His developmental view of evolution endured August Weismann discerning a “barrier” between somatic and germ cells. Weismann’s famous barrier, allowing transmission of only germ cells to the next generation, was the death knell for Lamarckism. Yet Weismann affirmed Darwin’s view that “use and disuse” affected evolution by way of natural selection.
Weismann contrasted “mere disuse” with its consequence that “natural selection ceases to act” (1889: 15–16). By this relaxation of selection, disuse induced evolutionary change. Regarding use,
. . . the direct influence of increased use during the course of a single life [cannot] produce hereditary effects without the assistance of natural selection (1889: 91).
And with the assistance of natural selection, it can.
. . . the use and disuse of parts can have no direct share in the process. . . . The fact, however, that we deny the transmission of the effects of use and disuse, does not imply that these factors are of no importance. . . . both use and disuse may lead indirectly to variations . . . [that change selection processes and outcomes] (Weismann 1893: 395–396).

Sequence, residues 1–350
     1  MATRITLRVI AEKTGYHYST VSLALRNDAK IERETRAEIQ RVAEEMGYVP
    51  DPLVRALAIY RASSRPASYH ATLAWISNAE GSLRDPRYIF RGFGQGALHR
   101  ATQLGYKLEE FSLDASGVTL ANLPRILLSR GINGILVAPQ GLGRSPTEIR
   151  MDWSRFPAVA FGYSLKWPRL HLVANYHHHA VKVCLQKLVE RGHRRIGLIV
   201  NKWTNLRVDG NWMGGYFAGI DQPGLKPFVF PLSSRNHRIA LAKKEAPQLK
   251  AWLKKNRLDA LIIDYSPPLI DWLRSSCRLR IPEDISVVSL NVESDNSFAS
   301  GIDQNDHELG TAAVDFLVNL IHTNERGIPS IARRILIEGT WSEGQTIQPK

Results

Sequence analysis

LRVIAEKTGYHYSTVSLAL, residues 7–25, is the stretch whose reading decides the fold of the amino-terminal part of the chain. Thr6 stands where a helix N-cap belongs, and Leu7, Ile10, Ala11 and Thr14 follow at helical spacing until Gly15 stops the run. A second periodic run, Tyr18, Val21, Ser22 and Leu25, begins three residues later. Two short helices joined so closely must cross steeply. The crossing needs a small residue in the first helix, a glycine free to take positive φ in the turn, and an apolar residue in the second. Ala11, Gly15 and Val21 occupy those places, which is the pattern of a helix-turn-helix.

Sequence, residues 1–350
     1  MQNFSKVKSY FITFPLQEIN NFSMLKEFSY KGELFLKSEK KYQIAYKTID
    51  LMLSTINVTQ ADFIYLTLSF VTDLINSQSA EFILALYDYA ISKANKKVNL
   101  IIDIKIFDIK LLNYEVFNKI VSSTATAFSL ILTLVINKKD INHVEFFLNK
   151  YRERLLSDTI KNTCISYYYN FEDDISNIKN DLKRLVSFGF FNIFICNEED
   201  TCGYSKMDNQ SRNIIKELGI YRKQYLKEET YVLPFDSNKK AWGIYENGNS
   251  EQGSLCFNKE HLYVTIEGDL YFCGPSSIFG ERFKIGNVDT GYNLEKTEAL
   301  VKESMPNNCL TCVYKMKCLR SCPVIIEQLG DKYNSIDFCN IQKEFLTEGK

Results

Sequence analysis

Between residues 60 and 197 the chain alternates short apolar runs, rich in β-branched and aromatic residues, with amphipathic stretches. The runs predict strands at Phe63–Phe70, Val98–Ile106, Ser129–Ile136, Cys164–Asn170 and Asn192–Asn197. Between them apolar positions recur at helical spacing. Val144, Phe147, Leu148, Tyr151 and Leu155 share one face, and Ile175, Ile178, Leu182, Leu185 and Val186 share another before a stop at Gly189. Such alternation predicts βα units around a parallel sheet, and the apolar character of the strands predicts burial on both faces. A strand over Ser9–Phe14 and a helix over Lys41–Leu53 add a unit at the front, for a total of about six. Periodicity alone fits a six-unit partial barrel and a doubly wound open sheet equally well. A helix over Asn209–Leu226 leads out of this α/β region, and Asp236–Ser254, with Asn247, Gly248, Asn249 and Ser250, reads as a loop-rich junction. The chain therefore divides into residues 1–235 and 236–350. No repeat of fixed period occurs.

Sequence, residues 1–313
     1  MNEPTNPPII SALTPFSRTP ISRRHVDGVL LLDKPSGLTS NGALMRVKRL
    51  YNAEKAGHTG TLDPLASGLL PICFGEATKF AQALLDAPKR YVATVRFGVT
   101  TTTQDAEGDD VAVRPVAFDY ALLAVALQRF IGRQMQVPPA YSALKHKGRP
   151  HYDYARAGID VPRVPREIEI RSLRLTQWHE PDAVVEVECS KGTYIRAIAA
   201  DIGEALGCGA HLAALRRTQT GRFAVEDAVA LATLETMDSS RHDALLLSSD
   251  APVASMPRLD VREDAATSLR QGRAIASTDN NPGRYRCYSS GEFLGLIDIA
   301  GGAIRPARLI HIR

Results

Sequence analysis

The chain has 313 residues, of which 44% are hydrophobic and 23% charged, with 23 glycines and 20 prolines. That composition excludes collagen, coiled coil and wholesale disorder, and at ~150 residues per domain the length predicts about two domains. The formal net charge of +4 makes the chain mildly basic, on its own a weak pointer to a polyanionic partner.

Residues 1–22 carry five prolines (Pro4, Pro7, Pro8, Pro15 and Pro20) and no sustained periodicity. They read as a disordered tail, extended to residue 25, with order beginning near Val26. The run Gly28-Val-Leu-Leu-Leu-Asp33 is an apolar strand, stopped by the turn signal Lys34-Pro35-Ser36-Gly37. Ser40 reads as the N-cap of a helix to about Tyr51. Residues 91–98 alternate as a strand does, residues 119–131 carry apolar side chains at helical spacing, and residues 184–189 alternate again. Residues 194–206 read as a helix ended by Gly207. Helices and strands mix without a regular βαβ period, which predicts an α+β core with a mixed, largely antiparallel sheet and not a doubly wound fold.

Darwin’s developmental view fell to the margins of evolutionary thought with the rediscovery of Mendel’s experiments that began the 20th century and initiated its turn toward a molecular gaze. In an historic cultural shift dubbed “bath-waterism” (Ewer 1960: 162), evolutionary thought threw out, along with the bath water of Lamarckism, the whole organism as an agent of evolutionary change. Evolutionary science transformed our image of ourselves from protagonists in the story of life to products of natural laws and chance, from the result of ancestors’ doings to the result of chemical happenings.